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Minnesota’s Prairie Island Indian Community says it’s time for nuclear regulators to get real about the likely amount and duration of spent fuel storage at a dry-cask facility in the tribe’s backyard.
An Atomic Safety and Licensing Board will hear arguments today in St. Paul over whether the tribe can intervene in re-licensing proceedings for Xcel Energy’s Prairie Island nuclear waste storage facility in Red Wing, Minnesota.
“All we’re saying is let’s be realistic about this,” said Phil Mahowald, the tribe’s general counsel.
The 20-year-old Prairie Island facility was originally built and licensed as temporary storage until the federal government built a national nuclear waste repository at Yucca Mountain in Nevada.
But with Yucca Mountain plans officially abandoned under the Obama administration, the Prairie Island Indian Community says regulators need to assume whatever storage they approve may exist on the site for centuries rather than decades.
The tribe’s case is bolstered by a recent circuit court decision, which threw out a U.S. Nuclear Regulatory Commission (NRC) rule that allowed it to make licensing decisions without considering the long-term impact of waste storage.
Waste confidence rule
Since 1984, nuclear regulators have relied on a federal Waste Confidence Rule, which said decisions on spent fuel storage could assume that waste would eventually be transferred to a permanent federal storage facility.
The rule blocked nuclear opponents from introducing arguments about long-term safety and environmental concerns in licensing hearings, but in June the U.S. Court of Appeals for the District of Columbia said the rule is flawed and insufficient.
The NRC has two years to re-write the Waste Confidence Rule, and until then it’s suspended all decisions on nuclear reactor licenses and renewals. The commission wasn’t explicit about whether that moratorium includes spent fuel storage decisions.
The court decision has given nuclear opponents an opportunity to introduce legal arguments that have been off-the-table for decades, and also raised the possibility that the NRC and utilities may need to produce longer-term environmental impact studies.
“You have to look at the impacts from cradle to grave, and you’ve just lost the grave part,” said Diane Curran, a Washington, DC, attorney who has represented citizen groups and local governments in nuclear cases for more than three decades.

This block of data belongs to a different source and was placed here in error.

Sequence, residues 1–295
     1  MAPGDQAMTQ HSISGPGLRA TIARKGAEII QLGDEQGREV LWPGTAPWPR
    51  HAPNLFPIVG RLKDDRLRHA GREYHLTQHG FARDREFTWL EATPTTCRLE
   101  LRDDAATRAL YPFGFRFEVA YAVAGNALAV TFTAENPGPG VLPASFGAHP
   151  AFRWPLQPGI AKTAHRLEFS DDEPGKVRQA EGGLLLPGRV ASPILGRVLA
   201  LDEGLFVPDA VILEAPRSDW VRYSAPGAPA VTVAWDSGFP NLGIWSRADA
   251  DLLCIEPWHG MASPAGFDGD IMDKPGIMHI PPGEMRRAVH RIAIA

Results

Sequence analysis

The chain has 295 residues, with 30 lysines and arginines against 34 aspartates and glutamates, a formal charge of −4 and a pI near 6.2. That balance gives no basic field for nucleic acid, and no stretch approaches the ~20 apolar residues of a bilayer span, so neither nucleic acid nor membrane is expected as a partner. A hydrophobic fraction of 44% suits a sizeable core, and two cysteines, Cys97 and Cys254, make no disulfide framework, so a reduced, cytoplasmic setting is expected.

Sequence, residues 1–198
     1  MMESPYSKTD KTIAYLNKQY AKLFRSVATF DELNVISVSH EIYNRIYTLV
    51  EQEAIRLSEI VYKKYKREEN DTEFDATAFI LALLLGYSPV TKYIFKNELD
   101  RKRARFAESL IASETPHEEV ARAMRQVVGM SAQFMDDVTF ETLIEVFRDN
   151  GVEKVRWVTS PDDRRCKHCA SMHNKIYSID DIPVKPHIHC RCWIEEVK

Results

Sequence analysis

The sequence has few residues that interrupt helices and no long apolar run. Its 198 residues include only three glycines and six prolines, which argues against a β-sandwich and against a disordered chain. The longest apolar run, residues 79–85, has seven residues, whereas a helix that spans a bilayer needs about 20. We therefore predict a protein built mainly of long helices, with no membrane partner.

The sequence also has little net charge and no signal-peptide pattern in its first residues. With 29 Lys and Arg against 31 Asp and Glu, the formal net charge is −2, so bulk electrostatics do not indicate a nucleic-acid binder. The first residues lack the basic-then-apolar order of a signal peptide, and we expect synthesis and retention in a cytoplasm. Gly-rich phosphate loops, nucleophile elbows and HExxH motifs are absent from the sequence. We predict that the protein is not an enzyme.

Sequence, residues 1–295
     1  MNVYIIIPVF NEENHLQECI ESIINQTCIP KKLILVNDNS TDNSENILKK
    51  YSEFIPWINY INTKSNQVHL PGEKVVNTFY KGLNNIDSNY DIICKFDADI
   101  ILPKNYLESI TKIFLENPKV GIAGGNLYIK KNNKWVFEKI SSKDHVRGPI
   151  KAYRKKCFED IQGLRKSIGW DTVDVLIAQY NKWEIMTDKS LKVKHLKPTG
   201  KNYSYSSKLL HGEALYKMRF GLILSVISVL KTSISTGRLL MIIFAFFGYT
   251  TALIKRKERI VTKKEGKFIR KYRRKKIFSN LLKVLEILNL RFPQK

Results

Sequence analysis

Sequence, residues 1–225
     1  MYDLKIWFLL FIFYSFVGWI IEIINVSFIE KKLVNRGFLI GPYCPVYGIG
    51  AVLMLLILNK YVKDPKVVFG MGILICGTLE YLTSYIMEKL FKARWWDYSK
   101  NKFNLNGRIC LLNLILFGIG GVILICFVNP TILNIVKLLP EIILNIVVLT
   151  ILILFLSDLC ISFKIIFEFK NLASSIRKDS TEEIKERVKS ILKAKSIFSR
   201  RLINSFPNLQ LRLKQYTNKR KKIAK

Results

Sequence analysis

Scope of study disputed
Today, the Prairie Island Indian Community will ask an Atomic Safety and Licensing Board to let it intervene in the Xcel spent fuel storage case, and to make arguments about the lack of study about long-term environmental impacts.
The tribe wants the NRC to postpone its decision on Prairie Island waste storage re-licensing until after the Waste Confidence Rule is replaced. The commission also supports this delay, though Xcel wants to proceed now.
The tribe also wants a broader environmental impact study, one that assumes the facility will double in size and stay in place for up to 200 to 300 years. Xcel is seeking renewal for 48 casks for 40 years, but it already has fuel on site to eventually fill 98 casks.
Xcel has already received permission from state regulators to expand to 64 casks at the site. The utility said in a statement that the impact of additional casks would be studied at the time they are proposed.
Where does it go?
The company’s plans assume that a centralized storage facility will be available by 2025, that it will begin shipping waste away from its Prairie Island and Monticello nuclear sites beginning in 2027, and that all spent fuel will be removed by 2066.
“We greatly value our relationship with the Prairie Island Indian Community, and we have many common interests and concerns, particularly the interest in holding the federal government accountable for removing used nuclear fuel from the plant site,” the company said.
The Prairie Island Indian Community wants Xcel Energy to slow its storage expansion by meeting more electricity demand through natural gas and energy efficiency, and it wants more focus on finding alternative storage sites.
Both the utility and tribe point to the Blue Ribbon Commission on America’s Nuclear Future, a government report released in January that recommends establishing regional repositories for spent nuclear fuel.
“We don’t think a good temporary or long-term solution is 600 yards from the Prairie Island Indian Community and adjacent to the flood plain of the Mississippi River,” Mahowald said. “There are better, safer places than Prairie Island.”
Ultimately, though, there’s “almost zero chance” that the NRC won’t approve Xcel’s license renewal request, said Dave Lochbaum, director of the Union of Concerned Scientists’ Nuclear Safety Program. It might require upgrades or apply conditions, but its options are limited.
“Saying no doesn’t really seem like an option,” says Lochbaum, “because you can’t wave a magic wand and make this waste disappear.”